By Michael Frerichs, Illinois State Treasurer & CSPN Chairman
October 13, 2020
In 2020, families have faced incredible challenges and constant uncertainty — including a pandemic, historic unemployment levels, a stock market swoon, remote learning, and social distancing.
Despite the challenges, families have continued to save for college. According to ISS Market Intelligence, in the first half of 2020, families invested a net total of $6.7 billion in their 529 plans (the total amount contributed to 529 accounts minus the amount withdrawn), an increase of roughly $800 million over the same period in 2019. According to the midyear data collected by the College Savings Plans Network (CSPN), these new contributions brought the total level of national savings to $373.5 billion across 14.56 million 529 accounts.
As I’ve shared with families in Illinois and with colleagues across the country, I think families are making a smart choice to continue saving for their children’s educational future. Despite the current landscape, educational attainment will almost certainly remain a key predictor of socioeconomic mobility, health outcomes and life satisfaction.
Furthermore, the current economic challenges are likely to make college even more important and perhaps more expensive in the future. After the 2008 Great Recession, job losses were largely borne by workers without a college education. High unemployment in the years after the 2008 crisis led to a surge in students pursuing higher education. Encouragingly, college graduation rates also increased, including for the historically most-disadvantaged groups. Less encouragingly, the price of college also continued to rise in the years after the Great Recession.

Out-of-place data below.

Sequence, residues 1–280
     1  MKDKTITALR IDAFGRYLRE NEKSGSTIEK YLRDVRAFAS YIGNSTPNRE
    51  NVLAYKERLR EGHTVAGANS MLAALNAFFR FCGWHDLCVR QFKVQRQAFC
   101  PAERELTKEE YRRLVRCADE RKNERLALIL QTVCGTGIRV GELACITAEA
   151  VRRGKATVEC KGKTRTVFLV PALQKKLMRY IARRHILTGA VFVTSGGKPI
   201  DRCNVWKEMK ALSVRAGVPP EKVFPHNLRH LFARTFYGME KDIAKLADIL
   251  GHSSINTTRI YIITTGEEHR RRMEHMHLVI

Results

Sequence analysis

Given our experience in the Great Recession, we should expect future demand for higher education to continue to climb. Hopefully, that demand will come from an even more diverse group of students. If the past crisis is any guide, we should expect higher education to become even more important and, likely, even more expensive.
In my role as Illinois State Treasurer, I’m the fiduciary of Bright Start, Illinois’ direct-sold 529 College Savings plan. In my role as the proud father of a young daughter, I’m also a Bright Start saver and investor. Amid these trying times, I’m focusing on what I can control — including my own savings for my daughter’s educational future. Although 2020 may be plagued by difficulties, college will remain an important future step for my daughter and for millions of others. The continued growth in 529 savings accounts and contributions demonstrates that American families, as best they can, are continuing to save to help their children realize their educational dreams.
About the Author
Michael Frerichs was elected Illinois State Treasurer in 2014 and re-elected in 2018. He serves as the state’s Chief Investment and Banking Officer, with a total portfolio of approximately $35 billion, and serves as fiduciary of Bright Start and Bright Directions, Illinois’ highly rated 529 College Savings plans. Under Treasurer Frerichs’ leadership, Illinois launched multiple new programs to help families achieve the American Dream, including Illinois ABLE and the Secure Choice retirement savings program. Born and raised in the small farming community of Gifford, Illinois, Treasurer Frerichs graduated from Yale University and was the first in his family to attend college. He resides in Champaign with his young daughter, Ella.